Belle Harbor, the Rockaways; The Struggle to Recover After Hurricane Sandy
It's over two months after Hurricane Sandy's storm and tidal surges flooded the entire Rockaway peninsula from the bay frontage to the Atlantic Ocean beaches. It was nighttime and there are few pictures of this as the entire peninsula was ordered to evacuate, but the bay met the ocean and there was no dry land between. All was awash in salt water.
Only those who didn't evacuate, only those huddling in the darkness of their second story bedrooms or apartments as the waters smashed through doors, cracks, basements, first stories, filling them with sludge, sewage, debris, stink and effluent, only these cowering in the darkness of their fears may have occasioned to look out a window and by some glimmer of light recognized the channels of water rivering up the streets, swirling waterlogged cars in whirlpools of fury and anything else that was not locked away or sheltered in concrete or steel.
Looking out their second story windows these brave and unsuspecting unevacuated would certainly have witnessed THE unprecedented horrific event of their lifetime, an event of sufficient magnitude to be imprinted on their memories for many lifetimes. They may have been shocked to see amidst the crashing, rushing waters, the flashing fires raging a few blocks away, lighting up the sky above 130th street in Belle Harbor. Most now know about Breezy Point's 100 or so homes burning. Many have not heard about Belle Harbor 130th Street. These homes were farther apart and more sturdily built than some of those in the burned out enclave on the Point. No matter. On 130th, the fires devoured house after house, their treasured contents, furniture, clothing, appliances, memories. Whatever flames could gorge upon and turn to blackened dust they ate up and for their effort, spewed out desolation and hopelessness.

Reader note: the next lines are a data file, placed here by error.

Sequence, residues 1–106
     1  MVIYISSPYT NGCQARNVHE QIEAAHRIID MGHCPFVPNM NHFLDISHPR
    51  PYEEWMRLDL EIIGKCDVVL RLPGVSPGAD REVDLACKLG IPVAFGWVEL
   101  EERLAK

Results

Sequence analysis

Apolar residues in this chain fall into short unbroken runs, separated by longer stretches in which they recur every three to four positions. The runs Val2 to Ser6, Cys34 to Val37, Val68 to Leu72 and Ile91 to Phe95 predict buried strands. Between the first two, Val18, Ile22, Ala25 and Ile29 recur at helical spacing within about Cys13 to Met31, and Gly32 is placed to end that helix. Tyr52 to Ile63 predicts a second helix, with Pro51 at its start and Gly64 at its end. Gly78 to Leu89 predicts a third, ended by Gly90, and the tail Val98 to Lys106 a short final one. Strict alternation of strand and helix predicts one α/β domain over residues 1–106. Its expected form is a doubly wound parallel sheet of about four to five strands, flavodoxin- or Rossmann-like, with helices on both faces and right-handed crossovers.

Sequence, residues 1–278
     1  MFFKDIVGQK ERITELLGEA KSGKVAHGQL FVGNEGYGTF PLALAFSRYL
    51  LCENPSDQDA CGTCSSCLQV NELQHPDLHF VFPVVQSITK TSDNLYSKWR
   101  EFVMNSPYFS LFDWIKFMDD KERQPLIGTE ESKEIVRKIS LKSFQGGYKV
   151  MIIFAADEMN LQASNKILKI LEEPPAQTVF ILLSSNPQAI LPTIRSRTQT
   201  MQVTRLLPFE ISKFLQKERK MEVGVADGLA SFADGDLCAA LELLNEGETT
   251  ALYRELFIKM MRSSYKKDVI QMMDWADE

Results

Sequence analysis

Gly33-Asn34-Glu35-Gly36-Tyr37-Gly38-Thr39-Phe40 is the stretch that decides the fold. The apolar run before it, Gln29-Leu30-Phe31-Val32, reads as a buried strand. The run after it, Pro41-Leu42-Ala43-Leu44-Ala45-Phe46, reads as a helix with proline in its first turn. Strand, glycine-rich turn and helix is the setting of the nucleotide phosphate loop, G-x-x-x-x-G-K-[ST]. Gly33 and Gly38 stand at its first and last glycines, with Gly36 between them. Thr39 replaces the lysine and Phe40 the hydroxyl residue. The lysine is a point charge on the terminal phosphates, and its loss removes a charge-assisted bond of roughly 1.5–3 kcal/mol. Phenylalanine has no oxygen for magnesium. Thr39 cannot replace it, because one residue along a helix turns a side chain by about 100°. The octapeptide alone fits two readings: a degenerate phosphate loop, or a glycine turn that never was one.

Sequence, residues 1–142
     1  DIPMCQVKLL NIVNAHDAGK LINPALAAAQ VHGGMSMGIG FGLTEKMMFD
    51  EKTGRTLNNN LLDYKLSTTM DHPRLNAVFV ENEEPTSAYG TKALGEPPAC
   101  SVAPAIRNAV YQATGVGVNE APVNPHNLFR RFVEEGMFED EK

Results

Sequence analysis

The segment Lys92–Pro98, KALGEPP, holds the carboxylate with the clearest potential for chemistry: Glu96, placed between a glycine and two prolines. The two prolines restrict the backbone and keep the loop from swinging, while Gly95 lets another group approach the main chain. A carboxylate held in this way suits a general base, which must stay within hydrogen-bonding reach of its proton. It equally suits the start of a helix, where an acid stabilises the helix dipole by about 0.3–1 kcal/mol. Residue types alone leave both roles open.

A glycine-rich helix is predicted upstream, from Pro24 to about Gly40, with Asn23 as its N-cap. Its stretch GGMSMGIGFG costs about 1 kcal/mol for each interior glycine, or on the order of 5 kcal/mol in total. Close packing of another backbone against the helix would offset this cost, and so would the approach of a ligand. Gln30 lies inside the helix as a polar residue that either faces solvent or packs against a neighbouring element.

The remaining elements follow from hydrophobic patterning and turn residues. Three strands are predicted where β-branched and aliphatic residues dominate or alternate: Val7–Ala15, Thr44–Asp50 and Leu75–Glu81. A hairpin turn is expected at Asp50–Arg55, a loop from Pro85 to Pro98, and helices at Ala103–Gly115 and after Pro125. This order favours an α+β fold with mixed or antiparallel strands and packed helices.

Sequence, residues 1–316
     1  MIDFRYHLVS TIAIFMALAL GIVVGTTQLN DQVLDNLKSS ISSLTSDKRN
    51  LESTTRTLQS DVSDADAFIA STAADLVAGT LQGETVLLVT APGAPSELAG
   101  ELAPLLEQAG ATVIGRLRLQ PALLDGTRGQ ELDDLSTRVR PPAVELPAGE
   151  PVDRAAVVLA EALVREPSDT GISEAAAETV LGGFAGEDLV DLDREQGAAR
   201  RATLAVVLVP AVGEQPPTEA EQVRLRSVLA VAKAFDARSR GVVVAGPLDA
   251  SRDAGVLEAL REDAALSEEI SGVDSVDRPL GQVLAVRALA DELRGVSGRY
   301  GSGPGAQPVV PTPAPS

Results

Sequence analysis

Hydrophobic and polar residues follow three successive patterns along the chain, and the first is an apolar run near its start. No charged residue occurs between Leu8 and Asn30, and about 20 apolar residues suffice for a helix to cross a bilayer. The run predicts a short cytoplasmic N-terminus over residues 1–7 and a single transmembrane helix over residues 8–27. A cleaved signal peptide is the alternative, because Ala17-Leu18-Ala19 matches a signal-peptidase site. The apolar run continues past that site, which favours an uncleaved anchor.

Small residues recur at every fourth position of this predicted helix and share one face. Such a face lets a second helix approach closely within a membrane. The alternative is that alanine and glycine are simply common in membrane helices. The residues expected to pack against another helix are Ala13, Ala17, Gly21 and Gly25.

How do I know this? It was in Dave's eyes as I spoke to him when he relayed that the ocean and bay met in the middle of the peninsula. He said that the streets had become rivers and cars floated upon them like ships foundering in a twisted sea. He is the one who mentioned that houses burned on 130th and few had commented about it in the news, that there was only so much reportage and sound bites didn't reveal the full impact of what had happened. He spoke with an urgency and with a tone filled with emotion and verging on rage.Continued on the next page